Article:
She’s now back in Australia after her latest overseas jaunt and working as director of news at the New Daily.

@BrigidWD’s #FF:

  • Virginia Lloyd (@v11oyd): For all things books
  • Alex McClintock (@axmcc): On boxing and the news of the day
  • Jessica Reed (@guardianjessica): French Guardianista
  • Susannah Guthrie (@susg91): Journalist at The New Daily, celebs and style
  • David Johnson (@_struct): Acerbic Melbourne man about town

On Australia’s media landscape…

I think now is a really good time to be a freelancer. There are some green shoots that make me feel very optimistic and excited about the future of the Australian media. The New Daily, The Saturday Paper and The Guardian Australia are three amazing new ventures that provide new outlets for journalists and more choice for readers. You pay $3 for the Saturday Paper — a bargain — and The Guardian and the New Daily are free. That’s a great deal for readers. I found the hardest years of freelancing were in 2010-11. There was a lot of pessimism amongst the big media companies and lay-offs. I saw my work drop off and word rates go backwards. These new media outlets were yet to appear. I considered leaving journalism and started studying for the bar exam. I thought it was all over.

On the Mercy Campaign and the death penalty…

I don’t think the state should have the power to take lives. It’s such a final, irreversible step, and doesn’t allow for the fact that a conviction might be wrongful. Albert Camus wrote: “But what then is capital punishment but the most premeditated of murders, to which no criminal’s deed, however calculated it may be, can be compared?” I also believe in rehabilitation. The work that Andrew Chan and Myuran Sukumaran — two of the Australians condemned to death in Bali — do in Kerobokan is great. They are helping other prisoners learn English, have set up a computer room, and Myuran has set up art classes. Artist Ben Quilty has been into the jail to assist him with those classes. There are a lot of positive things happen there in a prison that we often hear only negative things about. I’ll disclose my involvement in Reprieve and the Mercy Campaign if I’m writing about the issue. I’ve done a lot of op-eds on the issue, because I do have strong opinions about it and feel very strongly that it shouldn’t exist.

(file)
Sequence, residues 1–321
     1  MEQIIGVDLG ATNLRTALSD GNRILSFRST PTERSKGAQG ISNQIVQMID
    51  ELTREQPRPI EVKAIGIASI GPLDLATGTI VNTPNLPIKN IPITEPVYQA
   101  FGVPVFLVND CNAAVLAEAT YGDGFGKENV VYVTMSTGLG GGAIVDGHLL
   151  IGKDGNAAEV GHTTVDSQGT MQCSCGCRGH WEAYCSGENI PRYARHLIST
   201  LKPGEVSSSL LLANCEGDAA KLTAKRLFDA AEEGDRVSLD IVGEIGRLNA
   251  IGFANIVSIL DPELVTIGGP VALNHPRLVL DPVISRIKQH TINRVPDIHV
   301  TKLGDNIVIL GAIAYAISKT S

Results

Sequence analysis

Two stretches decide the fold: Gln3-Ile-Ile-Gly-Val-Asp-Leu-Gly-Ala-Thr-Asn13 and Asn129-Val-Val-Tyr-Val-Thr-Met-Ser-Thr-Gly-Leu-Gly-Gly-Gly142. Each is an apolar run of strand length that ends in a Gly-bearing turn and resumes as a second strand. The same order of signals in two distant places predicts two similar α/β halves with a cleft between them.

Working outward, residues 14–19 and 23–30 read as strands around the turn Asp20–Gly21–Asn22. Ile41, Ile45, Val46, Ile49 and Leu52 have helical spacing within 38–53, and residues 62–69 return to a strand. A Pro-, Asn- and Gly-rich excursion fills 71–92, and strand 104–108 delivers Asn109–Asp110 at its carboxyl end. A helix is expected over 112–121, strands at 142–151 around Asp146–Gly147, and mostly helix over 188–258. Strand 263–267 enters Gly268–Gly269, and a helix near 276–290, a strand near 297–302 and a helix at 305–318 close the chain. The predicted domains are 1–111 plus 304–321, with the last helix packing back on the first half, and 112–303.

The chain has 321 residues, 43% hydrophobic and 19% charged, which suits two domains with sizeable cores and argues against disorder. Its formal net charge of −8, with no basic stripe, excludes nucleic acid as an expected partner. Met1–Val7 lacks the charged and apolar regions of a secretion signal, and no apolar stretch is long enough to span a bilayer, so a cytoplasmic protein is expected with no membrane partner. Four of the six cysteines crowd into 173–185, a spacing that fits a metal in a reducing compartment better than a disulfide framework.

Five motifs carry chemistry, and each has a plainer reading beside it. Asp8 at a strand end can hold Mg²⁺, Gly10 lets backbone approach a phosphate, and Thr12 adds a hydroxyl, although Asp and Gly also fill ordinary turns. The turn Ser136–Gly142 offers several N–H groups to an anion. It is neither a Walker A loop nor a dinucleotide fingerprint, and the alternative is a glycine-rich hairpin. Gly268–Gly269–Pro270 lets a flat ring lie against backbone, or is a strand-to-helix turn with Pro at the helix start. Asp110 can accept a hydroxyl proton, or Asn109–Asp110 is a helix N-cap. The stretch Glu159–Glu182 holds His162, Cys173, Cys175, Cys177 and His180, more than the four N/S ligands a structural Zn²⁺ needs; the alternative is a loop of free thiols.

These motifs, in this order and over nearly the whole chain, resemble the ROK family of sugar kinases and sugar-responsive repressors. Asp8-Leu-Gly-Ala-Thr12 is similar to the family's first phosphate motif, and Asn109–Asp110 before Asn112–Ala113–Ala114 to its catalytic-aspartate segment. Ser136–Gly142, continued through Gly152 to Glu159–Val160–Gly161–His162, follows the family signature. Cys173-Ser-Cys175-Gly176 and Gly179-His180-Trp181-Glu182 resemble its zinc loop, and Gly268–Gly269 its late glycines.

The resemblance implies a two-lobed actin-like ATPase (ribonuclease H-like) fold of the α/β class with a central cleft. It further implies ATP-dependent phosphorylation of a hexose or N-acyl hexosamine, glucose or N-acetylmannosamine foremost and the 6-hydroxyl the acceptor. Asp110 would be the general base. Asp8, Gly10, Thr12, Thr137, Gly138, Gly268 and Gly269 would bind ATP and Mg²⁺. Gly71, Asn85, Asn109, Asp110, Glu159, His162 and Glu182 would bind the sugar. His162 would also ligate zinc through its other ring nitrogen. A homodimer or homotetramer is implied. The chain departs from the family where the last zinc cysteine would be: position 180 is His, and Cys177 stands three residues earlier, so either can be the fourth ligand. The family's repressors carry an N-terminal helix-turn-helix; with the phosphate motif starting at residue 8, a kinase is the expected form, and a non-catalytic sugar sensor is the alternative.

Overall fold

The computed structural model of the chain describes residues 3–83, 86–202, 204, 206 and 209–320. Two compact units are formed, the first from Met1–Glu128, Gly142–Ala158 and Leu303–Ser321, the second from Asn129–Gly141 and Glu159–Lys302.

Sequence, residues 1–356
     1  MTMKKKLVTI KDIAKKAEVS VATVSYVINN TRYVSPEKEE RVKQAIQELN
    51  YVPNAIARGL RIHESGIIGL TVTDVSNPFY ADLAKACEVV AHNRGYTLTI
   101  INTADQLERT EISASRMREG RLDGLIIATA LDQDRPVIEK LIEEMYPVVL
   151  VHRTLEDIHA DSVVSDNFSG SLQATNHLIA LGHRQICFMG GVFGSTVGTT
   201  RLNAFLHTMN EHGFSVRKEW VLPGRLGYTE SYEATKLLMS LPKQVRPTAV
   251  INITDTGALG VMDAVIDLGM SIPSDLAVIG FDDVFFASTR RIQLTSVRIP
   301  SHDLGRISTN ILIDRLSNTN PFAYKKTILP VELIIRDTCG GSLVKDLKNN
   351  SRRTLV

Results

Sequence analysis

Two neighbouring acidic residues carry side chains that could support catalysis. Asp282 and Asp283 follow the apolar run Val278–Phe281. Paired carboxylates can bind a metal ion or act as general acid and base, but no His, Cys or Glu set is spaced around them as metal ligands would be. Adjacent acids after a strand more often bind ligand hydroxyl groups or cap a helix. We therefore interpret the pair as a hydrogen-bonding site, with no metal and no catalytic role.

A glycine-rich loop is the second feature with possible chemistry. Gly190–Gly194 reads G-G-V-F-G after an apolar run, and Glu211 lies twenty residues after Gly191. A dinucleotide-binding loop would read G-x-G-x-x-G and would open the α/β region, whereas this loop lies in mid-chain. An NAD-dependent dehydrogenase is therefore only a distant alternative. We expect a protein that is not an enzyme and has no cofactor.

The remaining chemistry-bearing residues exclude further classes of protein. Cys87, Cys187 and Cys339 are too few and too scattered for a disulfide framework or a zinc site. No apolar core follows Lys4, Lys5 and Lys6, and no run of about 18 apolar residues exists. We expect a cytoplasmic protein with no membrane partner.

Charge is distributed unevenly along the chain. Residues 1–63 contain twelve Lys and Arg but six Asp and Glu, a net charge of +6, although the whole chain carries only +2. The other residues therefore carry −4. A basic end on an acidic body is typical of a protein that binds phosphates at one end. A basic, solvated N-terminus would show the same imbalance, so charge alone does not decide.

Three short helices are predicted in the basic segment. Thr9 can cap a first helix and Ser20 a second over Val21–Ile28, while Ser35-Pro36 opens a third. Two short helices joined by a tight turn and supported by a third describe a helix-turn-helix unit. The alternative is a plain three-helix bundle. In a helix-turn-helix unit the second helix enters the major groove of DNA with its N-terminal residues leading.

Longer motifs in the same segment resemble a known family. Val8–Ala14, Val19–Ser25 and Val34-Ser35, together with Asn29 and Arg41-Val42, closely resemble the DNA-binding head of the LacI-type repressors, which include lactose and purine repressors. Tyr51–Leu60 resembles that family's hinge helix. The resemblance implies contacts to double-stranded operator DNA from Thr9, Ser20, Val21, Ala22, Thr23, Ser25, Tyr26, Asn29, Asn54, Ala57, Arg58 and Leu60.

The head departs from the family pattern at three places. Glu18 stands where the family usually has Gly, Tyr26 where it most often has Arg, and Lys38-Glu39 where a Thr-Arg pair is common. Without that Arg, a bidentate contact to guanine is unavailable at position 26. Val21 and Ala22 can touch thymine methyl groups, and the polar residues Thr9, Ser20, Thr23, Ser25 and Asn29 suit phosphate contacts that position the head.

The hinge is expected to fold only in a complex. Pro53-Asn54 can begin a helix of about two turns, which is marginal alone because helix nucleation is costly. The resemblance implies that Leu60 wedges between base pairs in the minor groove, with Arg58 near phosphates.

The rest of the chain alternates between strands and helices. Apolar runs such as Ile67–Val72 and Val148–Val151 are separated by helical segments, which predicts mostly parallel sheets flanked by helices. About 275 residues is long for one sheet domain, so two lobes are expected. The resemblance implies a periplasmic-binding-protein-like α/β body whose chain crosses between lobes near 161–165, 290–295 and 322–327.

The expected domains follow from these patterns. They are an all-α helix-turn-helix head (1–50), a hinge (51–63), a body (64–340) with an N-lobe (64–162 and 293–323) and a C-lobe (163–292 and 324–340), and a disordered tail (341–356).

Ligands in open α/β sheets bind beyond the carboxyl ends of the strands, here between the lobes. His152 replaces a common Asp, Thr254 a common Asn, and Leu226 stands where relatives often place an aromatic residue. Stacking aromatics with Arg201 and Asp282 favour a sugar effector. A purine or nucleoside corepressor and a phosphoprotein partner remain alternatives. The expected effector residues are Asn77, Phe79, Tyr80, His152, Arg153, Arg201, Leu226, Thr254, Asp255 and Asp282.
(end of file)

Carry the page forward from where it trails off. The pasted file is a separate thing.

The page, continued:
The Bali campaign is called The Mercy Campaign. It’s a chance for people to respectfully ask the Indonesian President to spare the lives of Andrew and Myuran. I’m also involved in Reprieve, which sends Australian interns to the southern states of the US to assist attorneys there on capital cases. The program has been going for around 11 years and has assisted in getting prisoners off death row. I’m immensely proud of the work young Australians do over there, on their own time and their own dime. It says something about how poorly funded the American capital defence system is when you have Aussie volunteers propping it up. Reprieve has also started working closer to home, on death penalty cases in Asia. I don’t believe that fighting against the death penalty is a lost cause. The Asian countries that we have started working in are mostly keen to modernise and engage with human rights. Indonesia in particular has shown a waning appetite for the death penalty. Particularly when their own residents are facing it abroad in countries such as Saudi Arabia. As for Andrew and Myuran’s plight, I would encourage anyone who cares to sign the petition. The pair has supportive families and a great legal team. They are keeping busy in prison and trying to be positive. I’m hopeful for them.

Crikey’s Follow Friday series:

Books

May 7, 2014

5 comments

The doyen of Australia’s climate sceptic movement, Ian Plimer, has a new book — and this time he’s broadened his attack to the entire environmental movement.

Not for Greens: He who sups with the Devil should have a long spoon is coming out this month via boutique Catholic publishing house Connor Court. It’s a polemic that argues that environmentalists harm the environment, have their facts wrong, want to control your money and have a “totalitarian approach”.